Each transformer layer takes word vectors as input and adds information to enhance the model’s understanding. The transformer’s multilayered structure allows it to develop a high-level understanding of the context.

At the core of the transformer is the attention mechanism, which acts as a matchmaking service for words. Each word creates a query vector describing the characteristics of words it seeks, while also producing a key vector describing its own attributes. The model then compares these vectors to find the best match and transfers information accordingly.

The attention mechanism allows AI models to compute a weighted sum of their input sequence, removing the need for complex recurrent or convolutional neural networks (the previous engine powering most AI models before 2017) by allowing the model to focus on different parts of the input simultaneously to capture and weigh various aspects of the data input to triage and generate the components of a desired output most effectively.

It is a two-part process. First, the LLM uses “attention” to identify and establish contextual information between words. As part of that process, the weighted neurons create a feed-forward layer, which uses the triaged, attention-based context to predict and generate the most likely and relevant output.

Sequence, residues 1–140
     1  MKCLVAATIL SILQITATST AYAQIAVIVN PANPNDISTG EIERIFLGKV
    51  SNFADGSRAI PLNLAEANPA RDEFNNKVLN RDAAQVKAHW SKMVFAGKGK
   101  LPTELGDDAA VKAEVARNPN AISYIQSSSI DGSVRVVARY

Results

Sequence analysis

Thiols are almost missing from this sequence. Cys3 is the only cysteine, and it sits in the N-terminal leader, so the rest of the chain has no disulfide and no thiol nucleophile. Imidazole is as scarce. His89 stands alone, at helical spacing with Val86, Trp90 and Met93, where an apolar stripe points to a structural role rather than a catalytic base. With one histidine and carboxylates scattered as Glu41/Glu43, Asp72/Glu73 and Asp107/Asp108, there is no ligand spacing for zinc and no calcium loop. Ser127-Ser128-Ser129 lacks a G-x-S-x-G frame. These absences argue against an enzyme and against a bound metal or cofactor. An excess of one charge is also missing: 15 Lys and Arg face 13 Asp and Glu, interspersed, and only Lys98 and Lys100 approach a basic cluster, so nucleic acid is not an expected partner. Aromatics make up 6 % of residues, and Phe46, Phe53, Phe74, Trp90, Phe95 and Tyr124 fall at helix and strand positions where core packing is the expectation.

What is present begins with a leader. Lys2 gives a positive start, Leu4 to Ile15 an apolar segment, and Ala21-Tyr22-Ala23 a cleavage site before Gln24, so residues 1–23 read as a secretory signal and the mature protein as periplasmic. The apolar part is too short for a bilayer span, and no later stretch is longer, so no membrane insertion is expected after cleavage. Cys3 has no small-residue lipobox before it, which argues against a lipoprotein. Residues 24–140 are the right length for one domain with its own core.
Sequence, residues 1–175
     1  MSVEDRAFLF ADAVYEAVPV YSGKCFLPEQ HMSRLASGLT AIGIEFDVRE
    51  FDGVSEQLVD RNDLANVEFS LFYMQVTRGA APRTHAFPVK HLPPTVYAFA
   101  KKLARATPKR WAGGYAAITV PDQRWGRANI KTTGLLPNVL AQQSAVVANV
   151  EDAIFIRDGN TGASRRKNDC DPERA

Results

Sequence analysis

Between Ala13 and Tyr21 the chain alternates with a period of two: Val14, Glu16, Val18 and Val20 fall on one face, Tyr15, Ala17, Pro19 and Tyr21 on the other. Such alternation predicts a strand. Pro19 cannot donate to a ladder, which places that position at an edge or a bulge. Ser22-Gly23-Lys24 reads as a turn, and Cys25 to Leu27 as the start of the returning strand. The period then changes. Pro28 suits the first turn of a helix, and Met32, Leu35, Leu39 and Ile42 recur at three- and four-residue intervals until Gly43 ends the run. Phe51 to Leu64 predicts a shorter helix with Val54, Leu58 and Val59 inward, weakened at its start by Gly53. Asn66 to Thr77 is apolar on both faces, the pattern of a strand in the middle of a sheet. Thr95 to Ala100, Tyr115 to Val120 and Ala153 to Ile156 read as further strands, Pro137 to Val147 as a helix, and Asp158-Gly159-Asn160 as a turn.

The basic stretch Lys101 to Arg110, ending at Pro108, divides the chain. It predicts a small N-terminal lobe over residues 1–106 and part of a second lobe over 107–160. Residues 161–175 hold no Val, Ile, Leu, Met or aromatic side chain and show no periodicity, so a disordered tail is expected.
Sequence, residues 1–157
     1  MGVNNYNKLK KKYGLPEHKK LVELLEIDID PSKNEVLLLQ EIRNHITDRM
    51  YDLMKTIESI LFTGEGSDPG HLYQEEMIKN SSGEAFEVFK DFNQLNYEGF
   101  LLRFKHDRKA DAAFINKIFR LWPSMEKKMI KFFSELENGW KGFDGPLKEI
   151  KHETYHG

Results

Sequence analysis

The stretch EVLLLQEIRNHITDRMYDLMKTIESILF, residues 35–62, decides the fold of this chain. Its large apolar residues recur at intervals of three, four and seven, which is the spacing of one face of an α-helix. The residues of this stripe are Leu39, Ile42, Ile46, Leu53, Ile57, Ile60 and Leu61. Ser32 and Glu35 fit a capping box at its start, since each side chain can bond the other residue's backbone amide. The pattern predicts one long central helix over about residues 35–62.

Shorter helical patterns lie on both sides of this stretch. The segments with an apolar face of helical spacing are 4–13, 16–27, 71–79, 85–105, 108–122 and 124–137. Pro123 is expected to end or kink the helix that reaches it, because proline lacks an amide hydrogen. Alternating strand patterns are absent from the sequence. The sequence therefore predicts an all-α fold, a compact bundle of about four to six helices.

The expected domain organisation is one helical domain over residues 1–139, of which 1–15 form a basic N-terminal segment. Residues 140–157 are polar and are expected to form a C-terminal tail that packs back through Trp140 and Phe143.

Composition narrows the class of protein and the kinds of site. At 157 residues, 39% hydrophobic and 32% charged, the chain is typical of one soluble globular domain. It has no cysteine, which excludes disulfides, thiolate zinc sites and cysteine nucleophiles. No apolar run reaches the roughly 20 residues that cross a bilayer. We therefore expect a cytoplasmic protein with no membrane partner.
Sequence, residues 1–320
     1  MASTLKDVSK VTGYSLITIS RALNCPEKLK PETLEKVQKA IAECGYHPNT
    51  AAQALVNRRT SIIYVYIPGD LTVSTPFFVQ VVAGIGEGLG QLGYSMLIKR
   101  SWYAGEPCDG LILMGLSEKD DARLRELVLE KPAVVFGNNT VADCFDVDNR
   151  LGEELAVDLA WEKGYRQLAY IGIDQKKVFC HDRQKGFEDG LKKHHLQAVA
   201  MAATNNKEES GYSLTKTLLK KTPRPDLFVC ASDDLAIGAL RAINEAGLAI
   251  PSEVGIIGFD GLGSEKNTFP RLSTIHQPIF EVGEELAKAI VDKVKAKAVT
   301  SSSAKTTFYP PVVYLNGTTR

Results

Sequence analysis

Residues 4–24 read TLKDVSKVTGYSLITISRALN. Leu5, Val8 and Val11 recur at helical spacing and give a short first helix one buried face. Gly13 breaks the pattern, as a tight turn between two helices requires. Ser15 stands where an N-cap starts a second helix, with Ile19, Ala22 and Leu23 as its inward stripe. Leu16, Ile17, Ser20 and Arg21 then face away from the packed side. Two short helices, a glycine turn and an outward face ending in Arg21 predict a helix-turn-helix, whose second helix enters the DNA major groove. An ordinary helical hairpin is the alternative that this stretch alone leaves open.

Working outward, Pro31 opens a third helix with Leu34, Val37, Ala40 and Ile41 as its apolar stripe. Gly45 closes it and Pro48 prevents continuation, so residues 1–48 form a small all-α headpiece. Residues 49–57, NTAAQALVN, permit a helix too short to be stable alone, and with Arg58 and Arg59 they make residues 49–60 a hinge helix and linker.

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Ultimately, the success of language models lies in their ability to predict the next word.

The models learn through repeated exposure and gradually adjust their weight parameters (neurons) to improve predictions, which is a big reason why training LLMs require an enormous amount of computation and data.

A key innovation of LLMs is that, rather than needing to be fed hand-labeled data to coach them, they learn by trying to predict the next word in ordinary passages of text. Almost any written material — from Wikipedia pages to news articles to computer code — is suitable for training LLM models, and a lot of what’s publicly available on the web has already been scraped and analyzed by LLMs.

For that reason, it’s hard to overstate the sheer number of examples that LLM models see. OpenAI’s GPT-3, which has since been vastly eclipsed by GPT-4’s parameters, was trained on approximately 500 billion words. That is several orders of magnitude more than the number of words a typical human encounters in the first decade of their life.

As LLMs have grown in size and complexity, they have displayed feats of language processing. However, researchers acknowledge that fully comprehending how these models achieve such feats remains an ongoing challenge. Some argue that LLMs are starting to genuinely understand language, while others view them as merely advanced pattern-matching systems.

One of the more pressing dangers of LLMs is that they can encode relational biases (i.e. gendered logical fallacies such as the word “doctor” minus the word “man” equals “nurse”) into their word vectors, which are then scaled up across entire foundation models via the Transformer architecture as the model self-trains.

That’s why understanding the mysterious inner workings of these models is crucial for their oversight.